Yes, I was coming to the same conclusion.

        I hadn't bothered to grok this much about the ref-count nature of these Perlish macros before (I prefer very simple XS code for a lot of reasons). Now I see more why the Parrot designers think ref counting is so dang hard to get right. Perl's macros make it extra hard (and I found a memory leak in the Perl source already). I think this is mostly motivated by efficiency concerns, and I bet those concerns are overblown, but those are guesses on my part.

        I think I'd much rather have a system where ref counts start at 0 and most things increment the ref count (including sv2mortal, av_push). That is, a system where an "extra" increment and decrement will often get done but you don't have to add things up and decide between *_inc and *_noinc and you don't have to consider inc-/decrementing ref counts directly.

        Yes, you don't need to call SvREFCNT_inc() in the above code. You could choose to instead only create mortals and SvREFCNT_inc() each time you av_push() or such.

        Sorry, I don't have FREETMPS grokked ATM and can't study that just now.

        - tye        

Re^5: perlembed: mortalize an AV, get "Attempt to free unreferenced scalar" - don't mortalize, leaks memory
by demerphq (Chancellor) on Jul 11, 2006 at 09:17 UTC

    Hmm, i did a little research into this, and i think i know what the problem was with my code. newRV is an alias for newRV_inc(), which means the item being referenced has an implicit SvREFCNT_inc() called on it, thus in the snippet i showed *hash ends up with a refcount of 2 instead of a refcount of 1. Changing it to newRV_noinc() should fix it.

    HV *hash = newHV(); SV *type = newSVpv("string", 0); if ( NULL == hv_store( hash, "type", strlen("type"), type, 0) ) { SvREFCNT_dec( type ); /* free the SV */ printf("hv_store failed\n"); exit(1); /*me wonders about this...*/ } XPUSHs(sv_2mortal(newRV_noinc((SV *)hash)));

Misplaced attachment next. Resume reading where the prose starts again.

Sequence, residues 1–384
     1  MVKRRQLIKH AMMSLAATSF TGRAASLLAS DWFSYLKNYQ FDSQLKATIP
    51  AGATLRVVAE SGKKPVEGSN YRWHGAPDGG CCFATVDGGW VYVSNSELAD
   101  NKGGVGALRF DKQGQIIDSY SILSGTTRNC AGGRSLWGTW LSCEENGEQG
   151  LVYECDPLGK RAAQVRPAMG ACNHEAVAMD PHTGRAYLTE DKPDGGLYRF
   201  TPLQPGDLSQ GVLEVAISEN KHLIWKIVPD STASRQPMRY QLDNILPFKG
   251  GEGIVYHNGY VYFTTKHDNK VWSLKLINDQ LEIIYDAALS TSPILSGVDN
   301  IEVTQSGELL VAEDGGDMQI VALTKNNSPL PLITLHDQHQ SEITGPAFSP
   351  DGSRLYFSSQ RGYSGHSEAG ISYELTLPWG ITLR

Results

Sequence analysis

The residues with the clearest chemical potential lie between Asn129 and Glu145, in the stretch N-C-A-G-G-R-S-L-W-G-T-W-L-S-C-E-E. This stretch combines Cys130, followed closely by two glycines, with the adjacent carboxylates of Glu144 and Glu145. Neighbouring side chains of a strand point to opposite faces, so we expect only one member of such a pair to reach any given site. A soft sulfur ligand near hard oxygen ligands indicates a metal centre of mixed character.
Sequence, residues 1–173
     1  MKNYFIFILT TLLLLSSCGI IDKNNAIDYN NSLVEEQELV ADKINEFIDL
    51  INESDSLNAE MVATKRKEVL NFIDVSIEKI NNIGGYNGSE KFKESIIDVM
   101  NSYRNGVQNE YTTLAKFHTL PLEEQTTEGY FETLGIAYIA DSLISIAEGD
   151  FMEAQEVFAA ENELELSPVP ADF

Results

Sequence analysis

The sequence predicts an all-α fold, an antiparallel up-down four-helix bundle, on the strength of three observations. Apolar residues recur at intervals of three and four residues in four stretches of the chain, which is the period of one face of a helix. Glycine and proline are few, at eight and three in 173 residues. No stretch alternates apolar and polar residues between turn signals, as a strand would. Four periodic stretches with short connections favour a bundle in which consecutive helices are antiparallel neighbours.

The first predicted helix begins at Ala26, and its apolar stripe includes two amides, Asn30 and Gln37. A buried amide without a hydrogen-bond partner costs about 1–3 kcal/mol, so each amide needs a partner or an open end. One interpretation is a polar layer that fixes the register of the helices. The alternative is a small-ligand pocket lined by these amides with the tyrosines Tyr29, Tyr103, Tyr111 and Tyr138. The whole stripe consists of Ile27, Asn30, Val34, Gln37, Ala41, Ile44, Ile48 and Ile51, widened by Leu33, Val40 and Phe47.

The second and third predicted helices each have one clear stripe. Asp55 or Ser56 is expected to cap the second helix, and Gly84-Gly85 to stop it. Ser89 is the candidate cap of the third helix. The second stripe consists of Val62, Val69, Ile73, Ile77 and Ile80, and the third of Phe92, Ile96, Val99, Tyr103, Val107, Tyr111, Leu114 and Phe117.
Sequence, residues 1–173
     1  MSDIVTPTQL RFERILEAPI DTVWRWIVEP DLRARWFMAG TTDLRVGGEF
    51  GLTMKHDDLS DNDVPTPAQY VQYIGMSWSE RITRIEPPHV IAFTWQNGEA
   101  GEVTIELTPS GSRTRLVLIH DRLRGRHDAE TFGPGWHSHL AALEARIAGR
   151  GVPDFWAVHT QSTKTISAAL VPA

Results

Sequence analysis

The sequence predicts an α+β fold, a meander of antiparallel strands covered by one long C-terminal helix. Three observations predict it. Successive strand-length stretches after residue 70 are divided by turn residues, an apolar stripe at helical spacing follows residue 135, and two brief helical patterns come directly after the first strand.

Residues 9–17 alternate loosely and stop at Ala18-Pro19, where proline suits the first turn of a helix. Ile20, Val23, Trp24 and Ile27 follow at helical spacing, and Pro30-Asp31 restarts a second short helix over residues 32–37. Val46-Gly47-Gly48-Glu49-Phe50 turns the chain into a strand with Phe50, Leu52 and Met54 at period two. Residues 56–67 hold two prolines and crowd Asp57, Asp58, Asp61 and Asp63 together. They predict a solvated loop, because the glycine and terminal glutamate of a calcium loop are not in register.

I really have to get myself set up to check this, but I thought id mention it. BTW, if you havent already read it you should review "Reference Counts and Mortality" in perlguts. Which on a quick reading basically agrees with what i said before, with the minor caveat about newRV_noinc(), which it specifically documents as being a common mistake.

    For example, imagine you want to return a reference from an XSUB function. Inside the XSUB routine, you create an SV which initially has a reference count of one. Then you call newRV_inc, passing it the just-created SV. This returns the reference as a new SV, but the reference count of the SV you passed to newRV_inc has been incremented to two. Now you return the reference from the XSUB routine and forget about the SV. But Perl hasn't! Whenever the returned reference is destroyed, the reference count of the original SV is decreased to one and nothing happens. The SV will hang around without any way to access it until Perl itself terminates. This is a memory leak.

    Which basically explains why my original snippet "leaks like mad". It leaks like mad because the root of the structure that you want to disappear on its own never goes to 0, so the whole lot stays in memory. Change the newRV() to newRV_noinc() and it should be freed as and when expected and no leaks.

    ---
    $world=~s/war/peace/g

      Hmm.... thanks for pressing this, demerphq. You appear to be right about not needing so many mortals. I think the trick is to avoid incrementing any refcounts (as I was doing after hv_store()), and only mortalize the RV I am pushing on the stack. This is basically what you said, but the code comes out a bit different from what you said:

      AV *arr = newAV(); av_push( arr, newSVpv("test", 0)); XPUSHs(sv_2mortal(newRV_noinc((SV *)arr))); HV *hash = newHV(); hv_store( hash, "key", strlen("key"), newSVpv("test", 0), 0); XPUSHs(sv_2mortal(newRV_noinc((SV *)hash)));

      So I'm just creating all "intermediate" variables non-mortals, not incrementing any refcounts after av_push or hv_store(), using newRV_noinc(), and mortalizing just the RV that's pushed on the stack.

      Does that seem right? Sure looks cleaner...

      --
      edan

        Hmm.... thanks for pressing this

        No problem. I got it wrong first off, which I felt bad about, and ultimately your quest to educate yourself ended up educating me, which IMO is a victory for us both, so thanks right back atchya :-)

        Anyway, the posted code looks lot closer to what I would expect. The only glaring issue is basically a nit, in that you need to handle the case of the hv_store() failing. Which is why its normally done like

        HV *hash = newHV(); SV *sv= newSVpv("test", 0); if (!hv_store( hash, "key", strlen("key"), sv , 0)) { /* need to explicitly free the sv if its * not successfully stored in the hash */ SvREFCNT_dec(sv); }

        As otherwise if the hv_store fails you will leak....

        I guess that this is just sample code so I should overlook the the overuse of strlen but in that sample I'd supply sizes explicitly. Also, be careful, strlen() is unsafe in the core (especially as regards SV's) as strings are allowed to contain embedded nulls.

        ---
        $world=~s/war/peace/g